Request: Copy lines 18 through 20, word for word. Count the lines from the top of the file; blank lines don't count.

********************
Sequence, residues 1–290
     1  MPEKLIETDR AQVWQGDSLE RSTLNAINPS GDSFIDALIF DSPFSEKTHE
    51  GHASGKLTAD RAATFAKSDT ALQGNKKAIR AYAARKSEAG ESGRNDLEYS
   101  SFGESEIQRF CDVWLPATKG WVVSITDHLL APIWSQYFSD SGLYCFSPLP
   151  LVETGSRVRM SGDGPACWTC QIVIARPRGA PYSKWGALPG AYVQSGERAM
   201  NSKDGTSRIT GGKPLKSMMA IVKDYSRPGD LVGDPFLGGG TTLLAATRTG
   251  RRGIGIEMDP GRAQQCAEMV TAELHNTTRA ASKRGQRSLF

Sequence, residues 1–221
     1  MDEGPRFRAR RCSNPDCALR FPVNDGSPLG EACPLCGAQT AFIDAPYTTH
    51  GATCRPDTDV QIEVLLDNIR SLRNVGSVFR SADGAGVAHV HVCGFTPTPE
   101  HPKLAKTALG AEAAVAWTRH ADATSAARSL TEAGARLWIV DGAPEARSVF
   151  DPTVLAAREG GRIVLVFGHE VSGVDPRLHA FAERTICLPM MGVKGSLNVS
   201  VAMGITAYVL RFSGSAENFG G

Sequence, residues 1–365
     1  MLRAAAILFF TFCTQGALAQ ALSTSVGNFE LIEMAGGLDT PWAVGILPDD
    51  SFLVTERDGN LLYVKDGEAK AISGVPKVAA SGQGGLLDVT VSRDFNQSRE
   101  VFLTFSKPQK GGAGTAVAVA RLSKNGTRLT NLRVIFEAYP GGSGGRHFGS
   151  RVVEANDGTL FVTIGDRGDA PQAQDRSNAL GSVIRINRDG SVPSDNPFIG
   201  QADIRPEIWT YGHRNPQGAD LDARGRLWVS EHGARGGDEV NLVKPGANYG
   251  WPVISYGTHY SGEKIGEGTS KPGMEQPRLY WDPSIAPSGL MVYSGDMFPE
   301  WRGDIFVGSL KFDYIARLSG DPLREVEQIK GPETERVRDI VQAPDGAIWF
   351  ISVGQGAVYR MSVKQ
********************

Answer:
   151  RVVEANDGTL FVTIGDRGDA PQAQDRSNAL GSVIRINRDG SVPSDNPFIG
   201  QADIRPEIWT YGHRNPQGAD LDARGRLWVS EHGARGGDEV NLVKPGANYG
   251  WPVISYGTHY SGEKIGEGTS KPGMEQPRLY WDPSIAPSGL MVYSGDMFPE